1) The right to give or refuse consent
2) The right to choose a particular form of healthcare on any grounds including moral or religious grounds
3) The right to revoke consent
4) The right to expect that a decision to give, refuse or revoke consent will be respected
5) The right to be involved to the greatest degree possible in all case planning and decision making
Mostly all nursing actions are an invasion of a person’s privacy and giving consent is carried out by going into the hospital or being treated at home. So one can say that consent is based on the principle of respect for a fellow human being. (Ref 1,2)
This legislation tells me that all patients and clients have a right to receive information about their condition. As a nurse I should be sensitive to their needs and respect the wishes of those who refuse or are unable to receive such information. (Ref 1,2) For instance, there may be a language barrier and I should not just go about reading the consent form in English, rather I should arrange for a interpreter or find a nurse who speaks the clients language. I also respect their decision of autonomy-their decision to accept or decline any health intervention even if a refusal means loss of life, example Jehovah s witness refusing blood transfusion. The client will now have alternate options given by the Health Care Providers.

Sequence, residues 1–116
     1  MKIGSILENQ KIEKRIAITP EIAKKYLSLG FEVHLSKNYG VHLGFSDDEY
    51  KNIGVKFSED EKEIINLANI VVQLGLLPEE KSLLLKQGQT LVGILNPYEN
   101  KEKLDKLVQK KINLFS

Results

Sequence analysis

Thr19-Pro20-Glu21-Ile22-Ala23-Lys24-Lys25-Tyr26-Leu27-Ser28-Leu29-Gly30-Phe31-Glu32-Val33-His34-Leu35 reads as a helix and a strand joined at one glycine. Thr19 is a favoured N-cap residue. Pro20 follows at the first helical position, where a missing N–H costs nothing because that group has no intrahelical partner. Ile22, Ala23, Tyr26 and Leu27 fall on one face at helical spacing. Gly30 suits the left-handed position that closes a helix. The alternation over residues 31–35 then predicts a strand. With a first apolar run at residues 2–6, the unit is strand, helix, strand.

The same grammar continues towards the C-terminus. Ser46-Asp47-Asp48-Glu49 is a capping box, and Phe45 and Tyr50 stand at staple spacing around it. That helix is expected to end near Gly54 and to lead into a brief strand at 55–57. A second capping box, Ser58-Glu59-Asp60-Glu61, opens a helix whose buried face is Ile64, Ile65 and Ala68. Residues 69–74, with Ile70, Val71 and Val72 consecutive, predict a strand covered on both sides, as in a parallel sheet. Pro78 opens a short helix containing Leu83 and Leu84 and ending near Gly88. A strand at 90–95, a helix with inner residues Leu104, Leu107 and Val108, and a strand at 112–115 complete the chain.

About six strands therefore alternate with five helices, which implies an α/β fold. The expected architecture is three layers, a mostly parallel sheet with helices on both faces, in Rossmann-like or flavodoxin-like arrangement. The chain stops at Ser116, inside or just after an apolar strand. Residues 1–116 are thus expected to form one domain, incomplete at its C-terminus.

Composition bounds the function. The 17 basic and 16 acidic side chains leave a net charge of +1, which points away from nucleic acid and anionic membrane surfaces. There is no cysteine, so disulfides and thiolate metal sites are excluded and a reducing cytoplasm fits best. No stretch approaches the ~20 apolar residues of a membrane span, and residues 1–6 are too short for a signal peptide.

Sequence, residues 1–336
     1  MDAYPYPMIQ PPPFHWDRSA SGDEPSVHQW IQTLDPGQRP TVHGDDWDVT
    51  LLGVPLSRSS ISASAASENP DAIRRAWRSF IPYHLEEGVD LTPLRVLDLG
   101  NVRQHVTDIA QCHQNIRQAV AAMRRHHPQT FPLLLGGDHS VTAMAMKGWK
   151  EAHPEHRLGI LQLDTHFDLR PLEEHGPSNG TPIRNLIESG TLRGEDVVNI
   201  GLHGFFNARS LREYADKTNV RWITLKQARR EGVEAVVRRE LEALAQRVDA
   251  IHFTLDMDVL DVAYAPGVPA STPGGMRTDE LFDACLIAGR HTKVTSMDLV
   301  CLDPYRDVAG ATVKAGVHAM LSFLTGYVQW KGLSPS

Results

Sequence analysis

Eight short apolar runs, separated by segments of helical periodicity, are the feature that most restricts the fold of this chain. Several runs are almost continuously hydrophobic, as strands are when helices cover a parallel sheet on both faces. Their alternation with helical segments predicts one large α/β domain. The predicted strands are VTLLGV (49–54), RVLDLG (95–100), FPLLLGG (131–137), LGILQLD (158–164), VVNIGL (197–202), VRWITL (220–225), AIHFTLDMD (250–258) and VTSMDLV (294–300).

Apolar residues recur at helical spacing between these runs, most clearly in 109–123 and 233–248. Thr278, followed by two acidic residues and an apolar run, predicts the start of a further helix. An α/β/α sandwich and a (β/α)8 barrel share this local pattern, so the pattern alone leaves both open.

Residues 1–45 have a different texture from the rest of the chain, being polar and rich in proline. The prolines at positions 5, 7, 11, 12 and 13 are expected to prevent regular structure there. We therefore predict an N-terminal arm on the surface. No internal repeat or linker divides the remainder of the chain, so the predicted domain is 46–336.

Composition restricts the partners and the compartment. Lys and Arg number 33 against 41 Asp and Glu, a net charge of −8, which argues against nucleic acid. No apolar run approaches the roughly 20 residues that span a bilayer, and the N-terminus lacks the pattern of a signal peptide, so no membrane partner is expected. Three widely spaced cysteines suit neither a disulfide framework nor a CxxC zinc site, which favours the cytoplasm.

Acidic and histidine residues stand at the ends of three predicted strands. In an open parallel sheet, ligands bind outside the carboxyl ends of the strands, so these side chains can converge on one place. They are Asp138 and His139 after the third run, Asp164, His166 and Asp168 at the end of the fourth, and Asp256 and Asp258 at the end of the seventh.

Informed consent is obtained by a legally competent person, who voluntarily accepts or declines the consent after being informed of the treatment including side effects, adverse effects.(Ref 1,2) Many people are frightened by unfamiliar medical procedures and interventions and may thus want to back off from any treatment. This decision should be respected, and the client should not be forced into taking any of these medication or treatment. Rather the nurse can educate them to the best of